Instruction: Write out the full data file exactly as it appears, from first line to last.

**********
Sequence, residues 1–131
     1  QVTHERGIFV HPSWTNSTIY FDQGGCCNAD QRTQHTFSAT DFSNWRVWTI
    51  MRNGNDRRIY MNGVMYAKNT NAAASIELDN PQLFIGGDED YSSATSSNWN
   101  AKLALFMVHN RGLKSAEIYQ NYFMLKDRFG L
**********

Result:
Sequence, residues 1–131
     1  QVTHERGIFV HPSWTNSTIY FDQGGCCNAD QRTQHTFSAT DFSNWRVWTI
    51  MRNGNDRRIY MNGVMYAKNT NAAASIELDN PQLFIGGDED YSSATSSNWN
   101  AKLALFMVHN RGLKSAEIYQ NYFMLKDRFG L